My interest in bird photography took a decided turn earlier this year. Over the past few years, I’d been photographing deer, mostly with a Tamron 70-300mm on my Nikon D610. However, aside from the occasional waterfowl, birds were largely out of the question. Then I wrote a column for Shutterbug Magazine on the amazingly talented bird photographer Alan Murphy and I’d found the impetus I needed.
Alan’s bird photography is largely reminiscent of the paintings of John James Audubon. His images have this clean, uncluttered look, with a unique depth to them. I could only hope to achieve a modicum of his success. Anyway, you really should check out Alan Murphy's bird artistry on his website.
Alan conducts workshops on bird photography, and I had asked him what lens focal length he recommends to workshop attendees. He answered, 600mm. Numerous factors come into play that may affect that choice (species, time of day, situation, for example), but that 600mm is normally the go-to workshop lens for many scenarios.
And that got me thinking. My longest focal length until recently was 300mm (in a 70-300mm zoom for my Nikons, as well as a Canon 300mm f/4 fixed-focal lens when I was shooting Canon). Not nearly enough for those birds I wanted to photograph. Even attached to my Nikon D300, that only gave me 450mm – respectable reach, but not ideal, keeping in mind that birds in the wild keep a buffer zone between you and them – and that buffer zone translates to: I need a longer lens!
So I explored my options, namely, the cost of a long lens, its size and weight, and how I’d primarily be using it. I usually shoot handheld with most lenses, and largely by available light, resorting to flash only occasionally. When I’d finished crunching the numbers, the choice was obvious.
I bought the Tamron 150-600mm G2.
Poor AF with fast-moving subjects on the cameras I then owned, namely the Nikon D610 and D300, also meant I needed to update to a more responsive DSLR, and one that could easily work with the maximum f/6.3 aperture on this Tamron zoom. That soon resulted in the purchase of the Nikon D500 (look for a test report on this camera soon). Attached to a DX camera - specifically the D500 (APS-C format with a cropped sensor factor of 1.5x), this lens would give me 900mm out of the gate, and 1170mm when I applied the additional in-camera 1.3x crop factor without adding any converters. That gave me considerable reach, although I’d discover that capturing flighty subjects at nearly 1200mm would prove to be largely a frustrating task.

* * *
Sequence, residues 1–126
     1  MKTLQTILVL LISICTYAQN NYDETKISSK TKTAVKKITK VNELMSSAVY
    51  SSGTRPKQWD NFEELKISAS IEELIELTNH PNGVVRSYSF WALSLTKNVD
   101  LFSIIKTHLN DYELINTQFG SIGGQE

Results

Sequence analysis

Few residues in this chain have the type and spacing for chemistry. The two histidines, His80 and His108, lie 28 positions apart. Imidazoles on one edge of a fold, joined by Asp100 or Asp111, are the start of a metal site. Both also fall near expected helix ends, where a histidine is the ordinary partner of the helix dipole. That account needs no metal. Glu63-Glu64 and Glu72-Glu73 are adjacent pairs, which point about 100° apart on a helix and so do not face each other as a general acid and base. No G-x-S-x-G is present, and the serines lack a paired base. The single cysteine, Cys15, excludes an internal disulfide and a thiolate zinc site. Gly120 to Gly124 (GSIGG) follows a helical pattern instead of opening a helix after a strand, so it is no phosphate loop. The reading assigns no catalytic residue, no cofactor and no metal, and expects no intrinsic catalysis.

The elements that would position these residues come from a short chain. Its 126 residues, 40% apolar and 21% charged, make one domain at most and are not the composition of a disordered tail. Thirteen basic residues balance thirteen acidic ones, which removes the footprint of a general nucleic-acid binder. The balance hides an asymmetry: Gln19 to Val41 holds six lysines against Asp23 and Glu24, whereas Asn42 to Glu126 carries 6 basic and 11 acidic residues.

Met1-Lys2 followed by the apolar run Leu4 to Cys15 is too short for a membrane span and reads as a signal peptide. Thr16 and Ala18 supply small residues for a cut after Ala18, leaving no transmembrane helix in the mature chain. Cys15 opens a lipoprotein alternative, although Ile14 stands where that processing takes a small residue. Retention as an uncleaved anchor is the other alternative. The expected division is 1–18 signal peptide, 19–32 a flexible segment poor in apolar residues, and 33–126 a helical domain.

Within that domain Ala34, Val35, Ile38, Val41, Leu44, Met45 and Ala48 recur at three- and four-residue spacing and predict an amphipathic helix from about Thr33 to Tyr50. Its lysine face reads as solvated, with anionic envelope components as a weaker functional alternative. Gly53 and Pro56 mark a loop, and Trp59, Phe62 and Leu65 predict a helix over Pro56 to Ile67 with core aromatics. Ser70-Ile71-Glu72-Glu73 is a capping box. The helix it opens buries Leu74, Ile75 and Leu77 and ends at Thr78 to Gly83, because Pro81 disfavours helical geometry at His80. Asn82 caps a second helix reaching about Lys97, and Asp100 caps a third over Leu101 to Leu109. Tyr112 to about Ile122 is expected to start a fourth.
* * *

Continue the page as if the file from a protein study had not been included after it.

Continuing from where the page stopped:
The Tamron 150-600mm G2: Overall
This lens picks up where the original Tamron 150-600 (introduced December 2013) leaves off. According to Tamron, the new version (G2 = second generation) adds better optical and AF performance, image stabilization enhancements, fluorine coating, and a Flex Zoom Lock, with optional matched teleconverters.
While I only checked it out once and have yet to actually use it (haven't found a need for it), the Flex Zoom Lock lets you lock in any zoom setting with the aid of a clutch-type mechanism. And it works easily enough. There is, of course, the more traditional zoom lock at the minimum zoom setting, although I didn’t experience any lens creep with the lens left in a ready (unlocked) state.
How much is it?
$1399 (Canon/Nikon/Sony A mount)
Tamron 150-600mm G2
A Note About the TAP-in Console
This accessory lets you update the lens's firmware and customize the lens. I bought it but haven't found a need for it yet. There were no firmware updates at this time. The link is obscure, so here it is, for your convenience: TAP-IN CONSOLE.
Optically the lens features low-dispersion glass to deliver crisp images, with proprietary coatings to counter flare and ghosting. Whereas both old and new versions of this lens feature moisture-resistant construction, only the new G2 can boast fluorine coating.